With spring well underway, motorists should be wary of one of the season’s least known driving hazards – deer.

About 40,000 deer collisions occur every year in the UK, causing some 350 human injuries.

Deer are not afraid of traffic noise. They can be seen grazing alongside rural roads, particularly during the May peak when young disperse, and at dawn and dusk when they go out and return from feeding.

An Essex County Council spokesperson said: “Collisions often lead to serious traffic disruption while debris and carcasses are removed from the highway. Drivers and their passengers can also become distressed when passing dead or dying deer.”

Here are some simple precautions to avoid deer collisions:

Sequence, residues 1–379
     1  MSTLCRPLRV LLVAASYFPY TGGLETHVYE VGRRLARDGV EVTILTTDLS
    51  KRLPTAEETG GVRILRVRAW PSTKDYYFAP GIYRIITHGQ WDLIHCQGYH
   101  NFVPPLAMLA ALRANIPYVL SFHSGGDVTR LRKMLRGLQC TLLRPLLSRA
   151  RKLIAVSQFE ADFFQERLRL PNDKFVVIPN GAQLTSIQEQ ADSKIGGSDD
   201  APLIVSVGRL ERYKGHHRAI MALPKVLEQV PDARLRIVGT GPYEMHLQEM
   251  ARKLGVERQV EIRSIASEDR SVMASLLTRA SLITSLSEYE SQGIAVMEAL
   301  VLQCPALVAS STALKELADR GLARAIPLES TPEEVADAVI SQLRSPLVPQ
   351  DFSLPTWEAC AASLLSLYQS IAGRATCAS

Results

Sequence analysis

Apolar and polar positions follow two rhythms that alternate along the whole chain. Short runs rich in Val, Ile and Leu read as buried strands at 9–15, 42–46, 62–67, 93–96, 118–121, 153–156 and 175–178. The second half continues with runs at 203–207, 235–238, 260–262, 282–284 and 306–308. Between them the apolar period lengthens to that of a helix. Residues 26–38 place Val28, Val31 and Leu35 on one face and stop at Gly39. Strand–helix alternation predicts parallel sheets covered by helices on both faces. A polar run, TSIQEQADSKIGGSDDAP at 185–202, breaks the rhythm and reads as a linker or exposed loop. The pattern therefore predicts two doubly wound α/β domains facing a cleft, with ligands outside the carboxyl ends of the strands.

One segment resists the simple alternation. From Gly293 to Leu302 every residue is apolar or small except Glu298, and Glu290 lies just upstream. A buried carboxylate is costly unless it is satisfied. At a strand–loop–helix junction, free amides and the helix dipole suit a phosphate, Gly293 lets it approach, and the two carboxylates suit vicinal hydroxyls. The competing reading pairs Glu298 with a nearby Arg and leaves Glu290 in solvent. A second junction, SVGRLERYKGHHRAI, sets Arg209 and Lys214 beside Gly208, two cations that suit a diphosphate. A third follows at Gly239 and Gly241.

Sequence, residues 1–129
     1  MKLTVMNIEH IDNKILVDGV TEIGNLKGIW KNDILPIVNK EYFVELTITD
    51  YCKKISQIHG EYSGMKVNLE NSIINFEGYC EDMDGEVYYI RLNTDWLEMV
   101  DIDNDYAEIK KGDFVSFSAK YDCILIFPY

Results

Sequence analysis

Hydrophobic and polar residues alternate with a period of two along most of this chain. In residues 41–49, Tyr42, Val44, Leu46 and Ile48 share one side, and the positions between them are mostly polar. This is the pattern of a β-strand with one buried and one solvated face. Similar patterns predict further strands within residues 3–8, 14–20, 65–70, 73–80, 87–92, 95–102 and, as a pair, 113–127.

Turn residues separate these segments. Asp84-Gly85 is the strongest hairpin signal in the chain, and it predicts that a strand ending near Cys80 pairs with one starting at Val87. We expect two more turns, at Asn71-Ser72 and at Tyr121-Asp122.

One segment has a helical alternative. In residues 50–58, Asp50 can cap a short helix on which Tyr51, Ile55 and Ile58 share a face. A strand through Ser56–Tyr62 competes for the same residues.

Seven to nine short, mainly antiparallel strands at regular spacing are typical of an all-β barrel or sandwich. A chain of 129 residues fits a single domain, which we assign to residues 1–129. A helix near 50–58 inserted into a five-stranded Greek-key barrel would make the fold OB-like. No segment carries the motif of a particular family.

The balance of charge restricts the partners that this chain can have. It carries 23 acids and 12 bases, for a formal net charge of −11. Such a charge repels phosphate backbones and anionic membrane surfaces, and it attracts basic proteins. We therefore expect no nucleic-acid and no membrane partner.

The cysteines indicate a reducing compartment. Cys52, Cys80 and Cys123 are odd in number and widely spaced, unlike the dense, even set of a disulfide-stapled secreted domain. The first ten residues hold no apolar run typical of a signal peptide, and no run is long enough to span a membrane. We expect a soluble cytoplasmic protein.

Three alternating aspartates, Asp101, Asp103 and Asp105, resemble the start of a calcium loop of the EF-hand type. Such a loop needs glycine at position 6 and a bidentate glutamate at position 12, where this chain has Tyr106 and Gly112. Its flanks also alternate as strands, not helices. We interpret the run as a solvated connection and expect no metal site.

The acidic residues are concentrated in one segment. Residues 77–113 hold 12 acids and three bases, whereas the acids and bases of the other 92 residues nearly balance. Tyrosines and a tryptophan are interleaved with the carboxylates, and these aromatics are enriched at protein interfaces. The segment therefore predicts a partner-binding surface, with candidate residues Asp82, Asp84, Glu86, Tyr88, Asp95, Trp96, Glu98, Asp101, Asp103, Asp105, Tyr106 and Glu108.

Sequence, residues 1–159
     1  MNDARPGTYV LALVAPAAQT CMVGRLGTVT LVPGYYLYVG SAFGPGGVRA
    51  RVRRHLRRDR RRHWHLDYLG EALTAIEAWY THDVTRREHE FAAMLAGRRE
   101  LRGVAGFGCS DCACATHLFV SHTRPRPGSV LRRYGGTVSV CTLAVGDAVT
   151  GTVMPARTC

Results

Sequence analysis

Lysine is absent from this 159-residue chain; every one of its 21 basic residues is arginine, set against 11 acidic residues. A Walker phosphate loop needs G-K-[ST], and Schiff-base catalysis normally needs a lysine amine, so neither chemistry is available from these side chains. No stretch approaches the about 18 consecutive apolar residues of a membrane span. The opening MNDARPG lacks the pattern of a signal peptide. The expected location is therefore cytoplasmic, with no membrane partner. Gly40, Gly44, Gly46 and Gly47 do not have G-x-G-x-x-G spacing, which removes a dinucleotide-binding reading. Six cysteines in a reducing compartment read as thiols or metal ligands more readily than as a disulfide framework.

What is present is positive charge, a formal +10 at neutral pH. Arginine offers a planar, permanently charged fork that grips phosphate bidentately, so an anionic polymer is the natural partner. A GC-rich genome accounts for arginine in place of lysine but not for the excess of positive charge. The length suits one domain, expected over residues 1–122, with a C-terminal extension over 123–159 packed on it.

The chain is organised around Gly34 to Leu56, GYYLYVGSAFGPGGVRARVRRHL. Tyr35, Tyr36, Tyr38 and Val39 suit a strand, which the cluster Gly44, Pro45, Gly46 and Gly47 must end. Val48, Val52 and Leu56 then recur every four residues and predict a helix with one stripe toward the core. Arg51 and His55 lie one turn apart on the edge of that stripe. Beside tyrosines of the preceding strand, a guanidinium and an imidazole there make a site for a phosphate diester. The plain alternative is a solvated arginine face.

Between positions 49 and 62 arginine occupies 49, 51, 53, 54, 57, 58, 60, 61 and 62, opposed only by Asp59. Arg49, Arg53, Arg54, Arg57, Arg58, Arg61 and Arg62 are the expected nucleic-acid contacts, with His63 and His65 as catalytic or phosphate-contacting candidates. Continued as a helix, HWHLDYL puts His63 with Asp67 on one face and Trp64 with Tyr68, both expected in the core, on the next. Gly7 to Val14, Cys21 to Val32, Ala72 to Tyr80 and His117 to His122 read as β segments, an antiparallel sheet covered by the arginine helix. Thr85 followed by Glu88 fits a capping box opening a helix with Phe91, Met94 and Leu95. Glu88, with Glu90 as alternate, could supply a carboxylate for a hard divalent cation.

• take note of deer warning signs

• drive with extra caution on country roads where deer collisions are more likely to happen

• beware at the peak danger periods of dawn and dusk in May

• see one deer, watch out for another

• after dark, use full-beam headlights when there is no oncoming traffic, dim them on sight of a deer

• don’t over-swerve to avoid hitting a deer

• report all deer collisions to the police

Research indicates the vast majority of deer collisions result in vehicle damage only - costing around £16m a year.

However, serious human injuries, including deaths, do happen.

The animal cost is incalculable as many deer leave the scene of a collision, only to die of their injuries later.